7. The craving for tobacco, wine, or spirits is a human weakness, and as such is forbidden to all members of the clerical staff.
8. Now that the hours of business have been drastically reduced, the partaking of food is allowed between 11:30 and noon, but work will not on any account cease.
9. Members of the clerical staff will provide their own pens. A new sharpener is available on application to the supervisor.
10. The supervisor will nominate a senior clerk to be responsible for the cleanliness of the main office and the private office. All boys and juniors will report to him 40 minutes before prayers and will remain after closing hours for similar work. Brushes, brooms, scrubber, and soap are provided by the owners.
11. The owners recognize the generosity of the new labor laws, but will expect a great rise in output of work to compensate for these near Utopian conditions.
Talk about something out of a Charles Dickens’ tale.
My own version of this realization – about how labor isn’t what it used to be – came in the form of information I found about what circuit riding preachers had to do in the “good old days.” Once I finished reading about how they would typically ride for hours on horseback through the snow or burning sun, arrive in some God-forsaken place to preach for a couple hours, only to get on horseback again to ride to some other place for their evening preaching rounds….well, you get the idea. Suddenly, riding around in a heated or air-conditioned van didn’t seem all that bad.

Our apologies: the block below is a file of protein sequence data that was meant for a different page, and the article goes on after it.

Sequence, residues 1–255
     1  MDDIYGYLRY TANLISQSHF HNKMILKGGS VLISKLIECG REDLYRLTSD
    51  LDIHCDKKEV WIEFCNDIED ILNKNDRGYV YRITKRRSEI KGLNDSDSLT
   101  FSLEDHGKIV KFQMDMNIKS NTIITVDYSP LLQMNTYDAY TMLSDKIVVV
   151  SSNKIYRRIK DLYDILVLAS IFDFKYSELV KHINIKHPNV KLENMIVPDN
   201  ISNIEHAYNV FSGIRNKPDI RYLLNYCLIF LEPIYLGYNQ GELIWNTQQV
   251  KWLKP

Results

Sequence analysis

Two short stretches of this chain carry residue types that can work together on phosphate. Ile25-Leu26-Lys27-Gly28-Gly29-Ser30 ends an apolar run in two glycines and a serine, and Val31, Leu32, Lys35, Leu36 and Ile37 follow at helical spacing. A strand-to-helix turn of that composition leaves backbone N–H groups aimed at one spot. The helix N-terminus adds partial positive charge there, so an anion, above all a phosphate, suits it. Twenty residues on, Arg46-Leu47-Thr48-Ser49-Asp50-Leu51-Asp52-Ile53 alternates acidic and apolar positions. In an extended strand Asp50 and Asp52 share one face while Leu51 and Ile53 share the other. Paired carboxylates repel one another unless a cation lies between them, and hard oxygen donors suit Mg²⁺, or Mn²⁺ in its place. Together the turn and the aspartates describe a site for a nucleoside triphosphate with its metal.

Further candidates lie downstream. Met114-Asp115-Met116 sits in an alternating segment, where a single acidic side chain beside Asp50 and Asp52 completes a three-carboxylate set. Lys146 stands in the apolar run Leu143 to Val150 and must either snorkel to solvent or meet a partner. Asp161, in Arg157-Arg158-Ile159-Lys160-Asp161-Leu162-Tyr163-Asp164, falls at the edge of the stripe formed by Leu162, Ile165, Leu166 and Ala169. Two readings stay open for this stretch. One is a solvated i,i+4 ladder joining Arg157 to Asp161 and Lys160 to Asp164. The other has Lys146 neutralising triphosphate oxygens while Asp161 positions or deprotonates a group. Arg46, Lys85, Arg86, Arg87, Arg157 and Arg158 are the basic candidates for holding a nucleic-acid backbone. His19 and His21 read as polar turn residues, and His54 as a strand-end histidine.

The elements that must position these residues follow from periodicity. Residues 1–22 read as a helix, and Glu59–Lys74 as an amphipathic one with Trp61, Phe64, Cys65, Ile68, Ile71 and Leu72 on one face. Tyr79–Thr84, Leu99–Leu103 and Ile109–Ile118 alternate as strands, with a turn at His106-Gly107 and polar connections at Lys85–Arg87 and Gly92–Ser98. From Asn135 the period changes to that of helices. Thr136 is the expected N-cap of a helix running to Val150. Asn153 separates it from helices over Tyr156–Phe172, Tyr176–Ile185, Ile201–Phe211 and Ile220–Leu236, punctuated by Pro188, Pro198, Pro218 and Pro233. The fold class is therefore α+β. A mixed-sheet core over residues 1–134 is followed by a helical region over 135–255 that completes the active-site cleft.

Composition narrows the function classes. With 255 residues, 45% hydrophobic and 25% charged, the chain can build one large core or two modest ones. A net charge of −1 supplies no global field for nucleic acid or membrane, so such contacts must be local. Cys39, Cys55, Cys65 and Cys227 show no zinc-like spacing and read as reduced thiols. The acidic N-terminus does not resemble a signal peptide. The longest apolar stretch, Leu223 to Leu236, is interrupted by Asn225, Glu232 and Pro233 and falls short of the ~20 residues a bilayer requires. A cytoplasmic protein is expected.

It’s good for us to remember that many times, no matter how frustrated we might be at our “work” – whatever it is – at least we aren’t slaving away in truly inhuman conditions, at least, not usually.
And then there is another thing – another blessing – for which we should give thanks, when it comes to simple labor. It’s that, if we have the right attitude about it, it can become a reflection of true vocation – not just drudgery. The great reformer Martin Luther was one of the first to talk about this.
Listen to what he had to say about it. He wrote: